Canada’s progress on crime is rolling back, and it may be a sign of eroding economic opportunity. Statistics Canada (Stat Can) data showed an increase in its Crime Severity Index for 2022. Both violent and non-violent crime is on the rise, with the odds of being a victim at 1 in 16. Especially of concern is violent crime, which has surged to a level of severity not seen in over a decade.
Canada Has Seen Violent Crime Severity Return To 2007 Levels
Canada’s back to seeing violent crime on the rise. The Violent Crime Severity Index (VCSI) climbed 4.6% to 97.7 in 2022. Over the past decade, the index has climbed 19.3%—increasing by a fifth. The index is now at the highest level since 2007, which is not the direction most would like to see it move.
Rising violent crime is a sign of economic erosion, with vacant homes contributing. A Department of Justice study found that violent crime was concentrated at inner and city centers, where “disadvantaged” households were located. The country may have a low unemployment rate, but the odds are slanted against young adults making enough for adequate shelter. That’s not getting better as home prices continue to climb.
NBER researchers have also observed that housing vacancies are correlated with violent crime. In this case, Canada’s investor-owned vacant homes might be contributing to the issue.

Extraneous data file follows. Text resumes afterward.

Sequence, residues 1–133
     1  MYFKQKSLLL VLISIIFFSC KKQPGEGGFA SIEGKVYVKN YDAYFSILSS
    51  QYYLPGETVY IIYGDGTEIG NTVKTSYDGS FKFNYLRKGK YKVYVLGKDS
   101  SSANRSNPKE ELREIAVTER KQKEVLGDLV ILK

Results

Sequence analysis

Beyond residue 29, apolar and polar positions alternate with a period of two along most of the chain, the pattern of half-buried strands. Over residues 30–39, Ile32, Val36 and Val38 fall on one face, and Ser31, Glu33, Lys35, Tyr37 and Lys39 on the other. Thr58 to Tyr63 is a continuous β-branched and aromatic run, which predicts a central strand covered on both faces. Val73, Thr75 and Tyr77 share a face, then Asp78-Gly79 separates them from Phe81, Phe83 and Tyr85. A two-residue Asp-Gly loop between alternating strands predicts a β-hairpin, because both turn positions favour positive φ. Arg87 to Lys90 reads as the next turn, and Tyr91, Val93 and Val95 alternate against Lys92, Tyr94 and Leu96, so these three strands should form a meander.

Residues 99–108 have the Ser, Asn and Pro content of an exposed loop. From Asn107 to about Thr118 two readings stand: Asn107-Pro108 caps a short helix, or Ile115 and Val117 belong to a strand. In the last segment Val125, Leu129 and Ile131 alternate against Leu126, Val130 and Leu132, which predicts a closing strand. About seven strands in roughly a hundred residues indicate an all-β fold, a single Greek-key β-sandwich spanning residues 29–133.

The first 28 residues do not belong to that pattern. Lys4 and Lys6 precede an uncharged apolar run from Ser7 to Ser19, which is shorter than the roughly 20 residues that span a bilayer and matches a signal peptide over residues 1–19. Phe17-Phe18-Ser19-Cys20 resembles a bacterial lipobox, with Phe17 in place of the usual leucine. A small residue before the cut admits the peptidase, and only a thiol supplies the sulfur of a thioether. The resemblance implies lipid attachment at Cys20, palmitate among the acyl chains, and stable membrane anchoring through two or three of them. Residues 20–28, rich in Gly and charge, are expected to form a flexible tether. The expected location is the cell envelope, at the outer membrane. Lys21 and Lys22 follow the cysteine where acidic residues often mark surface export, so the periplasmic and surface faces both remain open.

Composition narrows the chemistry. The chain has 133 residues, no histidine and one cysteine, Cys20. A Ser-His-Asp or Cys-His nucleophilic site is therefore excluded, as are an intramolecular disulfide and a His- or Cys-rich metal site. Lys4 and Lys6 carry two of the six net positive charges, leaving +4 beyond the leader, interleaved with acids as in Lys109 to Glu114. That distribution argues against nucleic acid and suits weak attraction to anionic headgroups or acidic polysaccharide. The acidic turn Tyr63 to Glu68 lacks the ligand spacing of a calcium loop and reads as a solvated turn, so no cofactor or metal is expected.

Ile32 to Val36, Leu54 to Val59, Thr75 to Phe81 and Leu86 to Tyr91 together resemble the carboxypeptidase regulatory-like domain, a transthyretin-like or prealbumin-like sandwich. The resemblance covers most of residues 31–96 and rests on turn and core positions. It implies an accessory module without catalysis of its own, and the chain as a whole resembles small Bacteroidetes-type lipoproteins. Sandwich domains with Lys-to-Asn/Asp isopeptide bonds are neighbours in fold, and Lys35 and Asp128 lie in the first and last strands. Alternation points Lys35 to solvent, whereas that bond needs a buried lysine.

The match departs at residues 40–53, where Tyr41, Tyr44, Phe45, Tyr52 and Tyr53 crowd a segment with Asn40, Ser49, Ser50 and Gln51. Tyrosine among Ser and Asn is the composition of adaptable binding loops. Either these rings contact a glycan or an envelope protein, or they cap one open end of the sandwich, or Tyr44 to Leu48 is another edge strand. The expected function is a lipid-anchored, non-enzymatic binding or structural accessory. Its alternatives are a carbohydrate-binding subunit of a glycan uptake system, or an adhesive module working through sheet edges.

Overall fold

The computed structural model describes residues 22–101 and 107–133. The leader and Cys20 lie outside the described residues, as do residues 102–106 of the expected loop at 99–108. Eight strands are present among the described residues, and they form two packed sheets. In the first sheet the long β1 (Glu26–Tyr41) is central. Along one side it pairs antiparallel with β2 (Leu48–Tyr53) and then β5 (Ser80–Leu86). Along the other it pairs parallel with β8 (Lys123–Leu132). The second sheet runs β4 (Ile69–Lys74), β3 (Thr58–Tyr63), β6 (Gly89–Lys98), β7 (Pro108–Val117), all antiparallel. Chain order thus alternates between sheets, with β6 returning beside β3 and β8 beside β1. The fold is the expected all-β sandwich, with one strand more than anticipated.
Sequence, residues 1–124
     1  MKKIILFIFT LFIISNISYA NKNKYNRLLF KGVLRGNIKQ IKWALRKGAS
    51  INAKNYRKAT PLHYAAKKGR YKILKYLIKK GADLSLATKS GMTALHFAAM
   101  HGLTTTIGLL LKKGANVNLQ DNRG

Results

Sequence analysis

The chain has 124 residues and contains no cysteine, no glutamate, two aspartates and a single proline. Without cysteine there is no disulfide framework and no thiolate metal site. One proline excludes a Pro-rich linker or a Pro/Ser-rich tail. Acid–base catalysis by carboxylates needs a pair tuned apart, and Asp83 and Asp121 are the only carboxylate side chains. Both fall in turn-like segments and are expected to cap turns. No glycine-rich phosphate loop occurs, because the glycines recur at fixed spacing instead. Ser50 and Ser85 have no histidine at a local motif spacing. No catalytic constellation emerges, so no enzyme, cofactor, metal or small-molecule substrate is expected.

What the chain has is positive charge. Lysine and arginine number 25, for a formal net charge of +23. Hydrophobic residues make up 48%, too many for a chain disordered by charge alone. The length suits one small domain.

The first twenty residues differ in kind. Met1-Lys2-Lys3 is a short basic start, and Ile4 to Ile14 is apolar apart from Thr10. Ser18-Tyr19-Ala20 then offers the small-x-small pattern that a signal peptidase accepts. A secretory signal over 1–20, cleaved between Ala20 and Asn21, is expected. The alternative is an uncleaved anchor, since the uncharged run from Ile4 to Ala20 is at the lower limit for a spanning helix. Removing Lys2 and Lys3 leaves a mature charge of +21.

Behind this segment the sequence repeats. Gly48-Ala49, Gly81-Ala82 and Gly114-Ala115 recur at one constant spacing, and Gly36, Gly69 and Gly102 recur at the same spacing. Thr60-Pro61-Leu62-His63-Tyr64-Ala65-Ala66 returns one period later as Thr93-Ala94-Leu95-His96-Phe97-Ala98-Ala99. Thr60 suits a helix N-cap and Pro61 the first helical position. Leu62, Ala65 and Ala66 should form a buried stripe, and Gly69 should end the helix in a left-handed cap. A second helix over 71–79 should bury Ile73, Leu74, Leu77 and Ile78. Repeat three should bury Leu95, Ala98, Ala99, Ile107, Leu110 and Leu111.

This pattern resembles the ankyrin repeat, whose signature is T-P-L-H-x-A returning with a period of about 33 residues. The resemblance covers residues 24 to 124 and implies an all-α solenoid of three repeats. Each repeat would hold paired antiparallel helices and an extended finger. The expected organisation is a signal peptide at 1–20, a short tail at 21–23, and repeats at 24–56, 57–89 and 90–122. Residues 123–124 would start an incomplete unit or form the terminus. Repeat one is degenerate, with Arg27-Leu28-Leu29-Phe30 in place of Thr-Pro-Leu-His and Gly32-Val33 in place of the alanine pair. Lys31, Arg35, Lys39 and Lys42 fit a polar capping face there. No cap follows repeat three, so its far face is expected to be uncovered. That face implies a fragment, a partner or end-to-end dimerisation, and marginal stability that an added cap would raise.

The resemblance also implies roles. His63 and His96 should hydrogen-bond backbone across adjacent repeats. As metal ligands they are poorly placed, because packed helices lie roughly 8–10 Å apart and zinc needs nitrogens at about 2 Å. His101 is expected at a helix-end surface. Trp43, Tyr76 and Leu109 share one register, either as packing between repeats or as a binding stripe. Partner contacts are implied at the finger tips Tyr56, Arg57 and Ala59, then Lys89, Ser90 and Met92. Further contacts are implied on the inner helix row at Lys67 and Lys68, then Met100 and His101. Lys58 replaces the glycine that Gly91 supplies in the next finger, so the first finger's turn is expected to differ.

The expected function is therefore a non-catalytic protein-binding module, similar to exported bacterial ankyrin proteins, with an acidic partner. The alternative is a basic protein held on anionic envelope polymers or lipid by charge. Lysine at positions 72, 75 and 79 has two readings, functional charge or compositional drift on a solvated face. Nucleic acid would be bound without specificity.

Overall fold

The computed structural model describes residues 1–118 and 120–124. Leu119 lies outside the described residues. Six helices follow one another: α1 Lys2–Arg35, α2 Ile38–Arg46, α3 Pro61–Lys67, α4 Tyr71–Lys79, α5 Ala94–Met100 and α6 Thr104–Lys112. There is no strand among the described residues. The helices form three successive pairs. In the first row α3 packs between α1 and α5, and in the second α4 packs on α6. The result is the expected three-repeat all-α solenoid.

Aside from making regions less attractive, violent crime can drive property values lower. Real estate experts note that violent crime drives vacancies, causing rents to rise to make up for the initial vacancy increase. This drives cap rates higher, thus resulting in lower property values. Won’t someone think of the HELOCs? Kidding.
Canada’s Violent Crime Severity Is The Worst In Over A Decade
The Canadian Crime Severity Indexes for violent and non-violent crime.
Source: Statistics Canada; Better Dwelling.
Non-violent Crime Severity Showed A Mild Increase, But…
On the upside, Canada’s non-violent crimes remain historically low… kind of. The Non-Violent Crime Severity Index (NVCSI) rose 4% to 70.9 in 2022, but remains 2.9% lower than 10 years ago. As you can see, it’s much lower than it was heading into the pandemic. However, changes to how non-violent crimes are reported have also changed.
Shoplifting is a prominent example in how non-violent crime has seen a shift in reporting. Cities like Toronto no longer charge first-time shoplifters, which would reduce the count. Similar decisions were made in other regions, looking to mitigate the long-term impact of non-violent charges. Ignoring the ethics debate, this will artificially reduce the incident count.
Retailers are no longer engaging or reporting every observed incident. Instead, they’re opting to write off the loss, moving the loss to operating costs. As a result, regions like BC have seen a 300% increase in shoplifting, but “only” a 17% increase in charges in 2022. Still a massive increase, but just a fraction of the increase reported as losses and shrink.
It doesn’t just feel like it—there’s been an increase in crime across Canada. A sharp increase in violent crime severity has materialized, returning to levels not seen in over a decade. Non-violent crime made a small increase, but a reporting shift means it may not reflect reality. In any case, Canada is heading in the wrong direction when it comes to crime. This will have long-term economic and social consequences.